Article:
Authors: Age Poom, Joose Helle, Tuuli Toivonen
The new Green Paths routing tool helps pedestrians and cyclists to choose urban commuting routes with less air and noise pollution. The tool is a proof of concept of exposure-optimised routing. It functions in the Helsinki capital region where the necessary environmental data is available.
This novel routing tool suggests a set of routes to the user-defined destination that are less polluted than the shortest, often busy main road. This is different from the traditional routing concept that considers only distance or travel time for route choices.
The users of the Green Paths routing tool can follow their own preferences in making the final route choice that is quieter, has fresher air and feels more pleasant. As such, the user becomes an active decision-maker, empowered to choose the most appealing route with only a modest increase in travel time. The new Green Paths routing tool indeed aims to improve travel satisfaction. A pleasant travel experience makes commuters more likely to walk or cycle regularly. In this way, commuters using the Green Paths tool contribute to a more sustainable city with cleaner air.
The Green Paths routing tool leans on the concept of travel-time environmental exposure assessment. It optimises route choice based on both environmental exposure and trip duration, separately for air pollution and noise. For that, it deploys open-source environmental data. The tool applies real-time and spatially explicit air quality information from the ENFUSER modelling system that is being developed by the Finnish Meteorological Institute. In particular, Green Paths tool utilises Air Quality Index, which reflects the state of air pollution in the Helsinki capital region on an hourly level. For noise data, the tool applies average noise levels from road, rail and air traffic. The modelled data is provided by the Finnish Environmental Institute and local municipalities. Data for the underlying street and path network originates from OpenStreetMap, which is a collaborative open-source geodata project. The user can change the underlying map style by choosing either the street network or satellite image display option.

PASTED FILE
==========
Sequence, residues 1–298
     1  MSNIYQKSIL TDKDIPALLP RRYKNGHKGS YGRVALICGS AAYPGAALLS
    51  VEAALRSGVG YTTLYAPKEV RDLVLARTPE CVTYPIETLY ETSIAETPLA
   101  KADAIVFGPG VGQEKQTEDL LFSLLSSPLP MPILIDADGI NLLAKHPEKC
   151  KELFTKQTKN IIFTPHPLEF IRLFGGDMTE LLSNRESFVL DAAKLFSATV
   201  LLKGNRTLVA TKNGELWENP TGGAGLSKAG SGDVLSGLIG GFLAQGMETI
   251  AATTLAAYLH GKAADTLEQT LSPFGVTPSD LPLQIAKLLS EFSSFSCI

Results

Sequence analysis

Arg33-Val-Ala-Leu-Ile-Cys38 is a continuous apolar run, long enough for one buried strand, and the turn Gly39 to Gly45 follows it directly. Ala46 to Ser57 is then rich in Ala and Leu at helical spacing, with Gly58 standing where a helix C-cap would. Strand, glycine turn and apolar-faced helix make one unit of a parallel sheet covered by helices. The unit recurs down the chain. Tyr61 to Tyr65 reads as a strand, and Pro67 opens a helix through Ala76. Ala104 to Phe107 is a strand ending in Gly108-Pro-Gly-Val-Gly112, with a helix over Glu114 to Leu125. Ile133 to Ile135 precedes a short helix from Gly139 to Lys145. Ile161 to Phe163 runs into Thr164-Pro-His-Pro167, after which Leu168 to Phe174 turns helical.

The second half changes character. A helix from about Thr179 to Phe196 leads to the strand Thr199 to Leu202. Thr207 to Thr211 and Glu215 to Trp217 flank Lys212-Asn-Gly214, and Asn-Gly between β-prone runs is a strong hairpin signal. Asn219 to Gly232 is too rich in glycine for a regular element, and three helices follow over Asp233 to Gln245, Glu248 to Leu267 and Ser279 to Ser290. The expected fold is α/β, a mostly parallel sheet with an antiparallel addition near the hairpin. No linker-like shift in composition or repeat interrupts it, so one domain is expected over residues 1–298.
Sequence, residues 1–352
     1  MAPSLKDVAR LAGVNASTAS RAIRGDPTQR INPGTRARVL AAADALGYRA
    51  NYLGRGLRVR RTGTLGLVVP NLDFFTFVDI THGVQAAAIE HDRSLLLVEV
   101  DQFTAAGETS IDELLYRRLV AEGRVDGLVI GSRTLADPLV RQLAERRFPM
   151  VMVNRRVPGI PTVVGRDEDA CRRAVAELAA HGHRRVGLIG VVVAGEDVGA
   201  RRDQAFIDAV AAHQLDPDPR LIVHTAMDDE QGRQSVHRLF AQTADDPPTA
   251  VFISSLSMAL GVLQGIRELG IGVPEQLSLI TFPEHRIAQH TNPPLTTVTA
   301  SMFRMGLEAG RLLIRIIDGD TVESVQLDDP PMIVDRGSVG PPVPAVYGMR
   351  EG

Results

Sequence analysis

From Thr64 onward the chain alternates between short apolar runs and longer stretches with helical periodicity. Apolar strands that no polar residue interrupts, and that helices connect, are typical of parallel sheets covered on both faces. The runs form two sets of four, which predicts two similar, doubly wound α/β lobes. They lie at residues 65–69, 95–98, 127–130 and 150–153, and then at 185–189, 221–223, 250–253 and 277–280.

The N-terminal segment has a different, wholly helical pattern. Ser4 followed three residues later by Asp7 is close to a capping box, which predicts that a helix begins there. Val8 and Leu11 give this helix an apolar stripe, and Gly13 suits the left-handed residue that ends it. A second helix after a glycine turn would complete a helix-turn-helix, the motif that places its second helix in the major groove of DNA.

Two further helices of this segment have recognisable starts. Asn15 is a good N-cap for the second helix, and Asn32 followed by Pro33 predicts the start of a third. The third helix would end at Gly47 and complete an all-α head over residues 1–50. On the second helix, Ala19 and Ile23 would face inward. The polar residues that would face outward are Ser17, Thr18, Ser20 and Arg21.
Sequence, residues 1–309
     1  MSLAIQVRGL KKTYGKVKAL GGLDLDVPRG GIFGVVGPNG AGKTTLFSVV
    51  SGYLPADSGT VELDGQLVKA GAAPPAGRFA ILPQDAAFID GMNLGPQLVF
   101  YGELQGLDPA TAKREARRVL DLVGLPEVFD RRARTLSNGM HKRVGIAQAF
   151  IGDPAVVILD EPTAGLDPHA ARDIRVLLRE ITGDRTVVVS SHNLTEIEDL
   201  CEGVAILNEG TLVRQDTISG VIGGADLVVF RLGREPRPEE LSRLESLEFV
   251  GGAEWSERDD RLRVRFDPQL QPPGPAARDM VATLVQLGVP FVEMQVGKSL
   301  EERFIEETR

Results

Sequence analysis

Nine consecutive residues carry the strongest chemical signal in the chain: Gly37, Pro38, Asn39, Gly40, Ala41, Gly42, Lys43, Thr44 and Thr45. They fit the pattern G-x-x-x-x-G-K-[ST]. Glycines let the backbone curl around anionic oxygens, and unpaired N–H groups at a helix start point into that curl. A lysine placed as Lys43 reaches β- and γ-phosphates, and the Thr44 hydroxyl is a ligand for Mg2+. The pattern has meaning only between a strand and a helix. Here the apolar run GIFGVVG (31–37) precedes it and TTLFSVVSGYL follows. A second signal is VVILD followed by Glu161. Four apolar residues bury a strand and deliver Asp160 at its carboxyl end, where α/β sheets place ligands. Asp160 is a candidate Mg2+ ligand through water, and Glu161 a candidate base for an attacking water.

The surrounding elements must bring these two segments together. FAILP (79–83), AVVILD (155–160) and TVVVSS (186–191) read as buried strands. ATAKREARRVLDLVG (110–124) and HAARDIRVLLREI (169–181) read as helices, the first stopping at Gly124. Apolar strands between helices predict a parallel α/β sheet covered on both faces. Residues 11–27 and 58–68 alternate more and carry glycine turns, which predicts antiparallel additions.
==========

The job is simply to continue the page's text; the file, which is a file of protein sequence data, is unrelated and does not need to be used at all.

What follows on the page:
To ensure transparency and support the advancement of related methods and tools, the Green Paths routing tool is an open-source development (check the repositories in GitHub). The platform provides also an API that enables the export of environmentally optimised routing results to other applications. By providing the open code, the team encourages other developers to consider environmental cost factors in their active travel-oriented applications.
As an end-user application, Green Paths routing tool is publicly available via a mobile-friendly website https://green-paths.web.app/, in both Finnish and English. The user can pre-check suitable routes from a computer or then navigate in real travel situations with the help of a smartphone interface. To grant a smooth daily use, the user can add the browser link of the tool to his/her smartphone home screen that enables the use of the tool similarly to any other smartphone application. All users are encouraged to give feedback on the usability of the tool via a link found in the information modal of the tool.
For now, the Green Paths tool is developed as a proof of concept with advancements of the features and functionalities in time. It should be considered as a demonstration of exposure-optimised routing based on spatially explicit and advancing open access data sets, and it is not guaranteed to work smoothly at all times. In the future, the tool will incorporate routing based on green views the users experience in the travel environment. The works in progress involve, among others, showing street-level maps on air and noise pollution.
Start using the Green Path tool on your next trip in Helsinki region! More information about the tool is available at https://www.helsinki.fi/en/researchgroups/digital-geography-lab/green-paths.
The software and user interface is developed by Joose Helle. The Green Paths team involves Joose Helle, Age Poom, Tuomas Väisänen and Tuuli Toivonen from the Digital Geography Lab of the University of Helsinki. The tool is developed within the framework of the Urban Innovation Action HOPE – Healthy Outdoor Premises for Everyone, and is co-financed by the European Regional Development Fund. UIA HOPE aims to produce more comprehensive air quality monitoring network that gives citizens air quality information on places where they live and they travel in the city. UIA HOPE project is led by the Economic Development Division of the City of Helsinki.
Digital Geography Lab at the University of Helsinki is an interdisciplinary research team focusing on spatial big data analytics for fair and sustainable societies. The group aims to understand spatial interactions between people, and between people and their environment, from local to global scales.